No. of pts w/ clinical vasospasm*2/17 (12%)48/212 (23%)0.38

Pts = patients.

Vasospasm data were available for 17 patients with PICA aneurysms and 212 patients with non-PICA aneurysms.

Patients treated with microsurgical clipping underwent a standard far-lateral craniotomy. The 8 patients with dissecting fusiform-type aneurysms were treated surgically with a variety of techniques to secure the aneurysm: 5 were treated with aneurysm wrapping and clip reconstruction, 1 was treated with occipital artery–PICA bypass and aneurysm resection, and 1 was treated with aneurysm resection and PICA-PICA reimplantation. One patient had an SAH secondary to a dissecting PICA aneurysm that was proximal to a small cerebellar arteriovenous malformation. This aneurysm was treated with clip reconstruction followed by arteriovenous malformation resection. Of the 14 patients with saccular-type aneurysms, 1 died before treatment, and 13 were treated with primary clip occlusion or coil occlusion.

In the microsurgical group, 1 patient with a dissecting-type aneurysm who was treated with clip wrapping had an early postoperative death. Vasospasm data were available for 17 of the 22 patients with PICA aneurysms. Radiographic vasospasm was present in 9 patients (53%), and 2 patients (12%) experienced clinical vasospasm. Vasospasm data for 212 non-PICA aneurysm patients enrolled in the BRAT were available for comparison: 105 (50%) of these patients had radiographic vasospasm, and 48 (23%) had clinical vasospasm. There was no statistically significant difference in the rates of radiographic or clinical vasospasm between PICA patients and non-PICA patients (Table 1).

At the time of discharge, 20 patients (91%) with ruptured PICA aneurysms were considered to have a poor outcome (mRS score > 2). At 1 and 3 years after treatment, 3 patients were lost to follow-up and 12 patients (63%) were considered to have a poor outcome. Of the 20 patients who were discharged from the hospital, 10 (50%) had both a tracheostomy and a PEG tube placed due to persistent lower cranial nerve dysfunction. In comparison with the remainder of the patients with ruptured aneurysms in the BRAT, patients with ruptured PICA aneurysms had a significantly higher chance of tracheostomy/PEG tube placement at discharge (50% vs 16%, p < 0.001). Neither of the patients with a ruptured PICA aneurysm treated with coiling underwent tracheostomy/PEG tube placement. In the remainder of the BRAT cohort, however, there was no significant difference in the rate of tracheostomy/PEG tube placement between those treated with clipping versus coiling (19.5% vs 13.5%, p = 0.22). There was no difference in the rate of tracheostomy/PEG placement between patients with proximal saccular PICA aneurysms and those with distal dissecting type aneurysms (50% vs 50%). In addition, patients with ruptured PICA aneurysms had significantly poorer outcomes at discharge and at 1- and 3-year follow-up compared with all other ruptured aneurysm patients (91% vs 67% at discharge, p = 0.017; 63% vs 29% at 1 year, p = 0.002; 63% vs 32% at 3 years, p = 0.006) (Table 2).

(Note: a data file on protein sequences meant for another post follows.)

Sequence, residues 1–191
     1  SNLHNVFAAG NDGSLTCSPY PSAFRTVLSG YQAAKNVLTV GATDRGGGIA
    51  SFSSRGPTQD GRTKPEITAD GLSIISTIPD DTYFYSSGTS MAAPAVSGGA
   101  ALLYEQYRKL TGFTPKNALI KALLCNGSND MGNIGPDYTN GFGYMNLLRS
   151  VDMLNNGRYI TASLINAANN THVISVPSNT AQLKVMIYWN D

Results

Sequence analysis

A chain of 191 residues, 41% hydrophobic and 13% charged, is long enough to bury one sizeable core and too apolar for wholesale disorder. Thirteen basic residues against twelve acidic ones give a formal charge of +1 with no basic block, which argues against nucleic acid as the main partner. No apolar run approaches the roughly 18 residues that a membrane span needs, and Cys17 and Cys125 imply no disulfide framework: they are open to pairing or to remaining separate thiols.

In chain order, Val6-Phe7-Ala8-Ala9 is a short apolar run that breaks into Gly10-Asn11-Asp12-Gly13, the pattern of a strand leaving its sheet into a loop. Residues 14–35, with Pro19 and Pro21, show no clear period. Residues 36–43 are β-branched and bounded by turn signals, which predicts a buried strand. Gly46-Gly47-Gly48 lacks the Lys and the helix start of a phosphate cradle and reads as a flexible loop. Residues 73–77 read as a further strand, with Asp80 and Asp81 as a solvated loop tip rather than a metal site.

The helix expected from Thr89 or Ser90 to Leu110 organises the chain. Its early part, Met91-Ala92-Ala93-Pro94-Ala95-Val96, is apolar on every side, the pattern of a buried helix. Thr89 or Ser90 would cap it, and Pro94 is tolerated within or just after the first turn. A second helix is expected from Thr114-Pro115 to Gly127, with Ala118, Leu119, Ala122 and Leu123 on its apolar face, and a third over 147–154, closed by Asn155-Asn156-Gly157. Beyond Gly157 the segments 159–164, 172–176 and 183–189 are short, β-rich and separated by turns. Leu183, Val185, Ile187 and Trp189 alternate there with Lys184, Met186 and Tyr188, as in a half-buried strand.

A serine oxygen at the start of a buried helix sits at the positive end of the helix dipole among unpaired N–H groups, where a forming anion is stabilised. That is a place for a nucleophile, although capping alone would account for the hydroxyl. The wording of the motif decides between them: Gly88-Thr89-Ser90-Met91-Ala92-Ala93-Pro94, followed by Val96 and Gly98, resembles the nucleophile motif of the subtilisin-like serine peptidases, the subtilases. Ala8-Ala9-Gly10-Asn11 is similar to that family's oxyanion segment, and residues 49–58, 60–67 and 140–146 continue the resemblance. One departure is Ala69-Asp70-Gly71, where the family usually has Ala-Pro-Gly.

TABLE 2

Patient outcomes

CharacteristicPts w/ PICA AneurysmsPts w/ Non-PICA Aneurysmsp Value*
Tracheostomy &/or PEG tube placement10/20 (50%)59/379 (16%)<0.001
Poor outcome at discharge20/22 (91%)259/389 (67%)0.017
Poor outcome at 1 yr12/19 (63%)99/344 (29%)0.002
Poor outcome at 3 yrs12/19 (63%)108/335 (32%)0.006
CharacteristicPts w/ PICA AneurysmsPts w/ Non-PICA Aneurysmsp Value*